D’Angelo releases ‘Black Messiah,’ his politically charged new album
More than 14 years after the lauded soul singer D’Angelo released his classic album “Voodoo,” the elusive artist has dropped his follow-up. Called “Black Messiah,” the album was released without advance notice Sunday evening long after the artist started teasing the album in 2012. All of a sudden, a new D’Angelo record, one that’s no doubt soundtracking the morning coffee all over the world, is available.
Comprising a dozen tracks, “Black Messiah” was crafted by D’Angelo and his band, the Vanguard, and features collaborations with musicians including Q-Tip of A Tribe Called Quest, Roots drummer Questlove (best known as bandleader of “The Tonight Show with Jimmy Fallon”) and others. Writing in the album’s liner notes, D’Angelo acknowledges that the title “is a hell of a name for an album” before stressing that he’s not claiming to be a messiah himself. Rather, “We should all aspire to be a Black Messiah.”
It’s a political album, continues D’Angelo in the note, “about people rising up in Ferguson and in Egypt and in Occupy Wall Street and in every place where a community has had enough and decides to make change happen.” Though not every song has a charged message, the artists writes that the title “creates a landscape where these songs can live to the fullest.”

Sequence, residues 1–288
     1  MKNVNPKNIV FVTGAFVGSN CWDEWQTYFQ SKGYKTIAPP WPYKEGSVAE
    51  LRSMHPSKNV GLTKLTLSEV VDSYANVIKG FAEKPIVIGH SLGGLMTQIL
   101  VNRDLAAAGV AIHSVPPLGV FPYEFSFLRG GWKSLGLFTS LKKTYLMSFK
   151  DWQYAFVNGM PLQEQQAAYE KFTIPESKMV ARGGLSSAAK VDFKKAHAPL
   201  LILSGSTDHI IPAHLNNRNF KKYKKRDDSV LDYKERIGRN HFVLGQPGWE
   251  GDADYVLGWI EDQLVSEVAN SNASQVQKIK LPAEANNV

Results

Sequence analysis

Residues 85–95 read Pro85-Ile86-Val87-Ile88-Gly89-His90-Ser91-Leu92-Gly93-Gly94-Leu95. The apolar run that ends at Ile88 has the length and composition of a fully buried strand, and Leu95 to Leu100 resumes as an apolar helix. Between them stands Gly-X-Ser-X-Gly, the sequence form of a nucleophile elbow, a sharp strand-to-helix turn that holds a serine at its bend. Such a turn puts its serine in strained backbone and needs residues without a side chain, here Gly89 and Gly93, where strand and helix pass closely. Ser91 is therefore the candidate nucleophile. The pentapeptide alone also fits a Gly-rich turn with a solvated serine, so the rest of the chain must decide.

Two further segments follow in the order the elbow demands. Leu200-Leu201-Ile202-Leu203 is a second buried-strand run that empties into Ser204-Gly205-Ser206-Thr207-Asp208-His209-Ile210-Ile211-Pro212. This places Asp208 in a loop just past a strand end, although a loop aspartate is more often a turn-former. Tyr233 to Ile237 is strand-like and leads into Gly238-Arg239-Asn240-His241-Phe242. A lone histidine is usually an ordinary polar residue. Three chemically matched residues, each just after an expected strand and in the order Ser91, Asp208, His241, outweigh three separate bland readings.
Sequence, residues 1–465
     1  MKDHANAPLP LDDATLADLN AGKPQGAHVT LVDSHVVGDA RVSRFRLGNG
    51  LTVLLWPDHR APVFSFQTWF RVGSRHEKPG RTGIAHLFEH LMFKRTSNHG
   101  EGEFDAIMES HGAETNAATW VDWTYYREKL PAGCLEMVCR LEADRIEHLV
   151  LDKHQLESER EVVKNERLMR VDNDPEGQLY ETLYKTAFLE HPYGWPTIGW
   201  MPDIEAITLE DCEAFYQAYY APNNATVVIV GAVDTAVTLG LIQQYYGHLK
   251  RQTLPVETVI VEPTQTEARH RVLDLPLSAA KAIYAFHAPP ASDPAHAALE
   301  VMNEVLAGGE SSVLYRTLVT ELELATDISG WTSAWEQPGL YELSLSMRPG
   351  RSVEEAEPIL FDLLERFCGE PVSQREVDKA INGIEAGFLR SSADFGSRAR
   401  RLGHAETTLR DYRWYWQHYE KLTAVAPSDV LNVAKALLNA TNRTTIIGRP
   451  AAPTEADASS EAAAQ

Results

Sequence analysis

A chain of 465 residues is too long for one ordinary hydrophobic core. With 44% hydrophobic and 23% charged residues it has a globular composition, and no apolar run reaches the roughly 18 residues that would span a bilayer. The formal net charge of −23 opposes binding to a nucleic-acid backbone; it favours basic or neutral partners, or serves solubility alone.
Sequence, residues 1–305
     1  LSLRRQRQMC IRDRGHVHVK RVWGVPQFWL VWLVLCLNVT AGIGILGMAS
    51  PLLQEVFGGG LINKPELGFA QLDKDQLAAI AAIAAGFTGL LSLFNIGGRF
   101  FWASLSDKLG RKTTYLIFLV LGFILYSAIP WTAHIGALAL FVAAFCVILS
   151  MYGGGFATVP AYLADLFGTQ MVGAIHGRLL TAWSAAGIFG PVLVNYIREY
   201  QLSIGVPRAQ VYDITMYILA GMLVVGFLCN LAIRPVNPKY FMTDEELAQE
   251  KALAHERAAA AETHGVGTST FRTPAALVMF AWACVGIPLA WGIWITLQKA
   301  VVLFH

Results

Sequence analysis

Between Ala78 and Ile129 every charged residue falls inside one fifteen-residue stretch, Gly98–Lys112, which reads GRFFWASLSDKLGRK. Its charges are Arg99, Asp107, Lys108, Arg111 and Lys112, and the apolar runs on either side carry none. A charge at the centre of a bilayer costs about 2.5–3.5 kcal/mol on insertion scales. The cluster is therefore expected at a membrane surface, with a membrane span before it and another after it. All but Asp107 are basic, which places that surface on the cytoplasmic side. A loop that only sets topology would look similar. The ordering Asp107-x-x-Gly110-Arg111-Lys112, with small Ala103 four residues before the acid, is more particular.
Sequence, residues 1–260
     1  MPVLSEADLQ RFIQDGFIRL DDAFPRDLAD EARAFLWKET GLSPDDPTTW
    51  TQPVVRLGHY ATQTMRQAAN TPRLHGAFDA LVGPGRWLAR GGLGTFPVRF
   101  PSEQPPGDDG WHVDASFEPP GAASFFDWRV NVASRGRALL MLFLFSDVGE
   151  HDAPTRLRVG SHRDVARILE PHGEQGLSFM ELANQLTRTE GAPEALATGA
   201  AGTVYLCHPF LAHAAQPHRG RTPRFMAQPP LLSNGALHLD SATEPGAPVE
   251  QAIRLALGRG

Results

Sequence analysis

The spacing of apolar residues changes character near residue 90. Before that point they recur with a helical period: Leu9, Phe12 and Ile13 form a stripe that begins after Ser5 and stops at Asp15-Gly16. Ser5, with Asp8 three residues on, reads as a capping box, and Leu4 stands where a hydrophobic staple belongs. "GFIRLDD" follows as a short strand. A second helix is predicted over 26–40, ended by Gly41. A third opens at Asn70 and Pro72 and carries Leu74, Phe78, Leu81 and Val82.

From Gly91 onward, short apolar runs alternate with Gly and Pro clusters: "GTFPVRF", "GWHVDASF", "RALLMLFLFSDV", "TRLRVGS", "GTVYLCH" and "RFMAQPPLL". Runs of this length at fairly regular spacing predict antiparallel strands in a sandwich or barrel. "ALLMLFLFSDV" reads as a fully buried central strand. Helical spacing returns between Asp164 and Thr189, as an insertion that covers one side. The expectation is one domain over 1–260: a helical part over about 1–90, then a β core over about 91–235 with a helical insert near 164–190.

The timing couldn’t be better; it’s almost as if the artist was holding off delivering the record until the times demanded it. With unrest bubbling and the protests continuing, “Black Messiah” seems built as some sort of soundtrack.
How does it sound? On first listen, like a continuation of “Voodoo,” a strange, surreal record that hits on mid-'70s Parliament and Funkadelic, Sly and the Family Stone’s “There’s a Riot Goin’ On,” the tripped-out oeuvre of Betty Davis and a dose of Band of Gypsies-era Jimi Hendrix. At times it chugs like slowed-down Bad Brains, coupling distorted guitar with a heavy rhythm section. Loose handclaps abound, adding a hefty dose of human soul rather than relying on synthetics.
That looseness drives the record, as do easy structures that allow for quickie improvisations, strange four- and eight-bar diversions and an overall vibe of musicians making it work live in the studio. Pianos mingle with horns, acoustic drums trade tones with Hammond organ, men whistle in harmony.
Best of all — at least on a single Monday-morning listen — is the sense that D’Angelo released the album that obsessed fans of “Voodoo” were hoping for: a dynamic, soulful and smart album, one that not only grooves but has a weight to it.
The album is available at iTunes and other download services; if you want to listen immediately, it’s also streaming at Spotify.
Follow Randall Roberts on Twitter: @liledit
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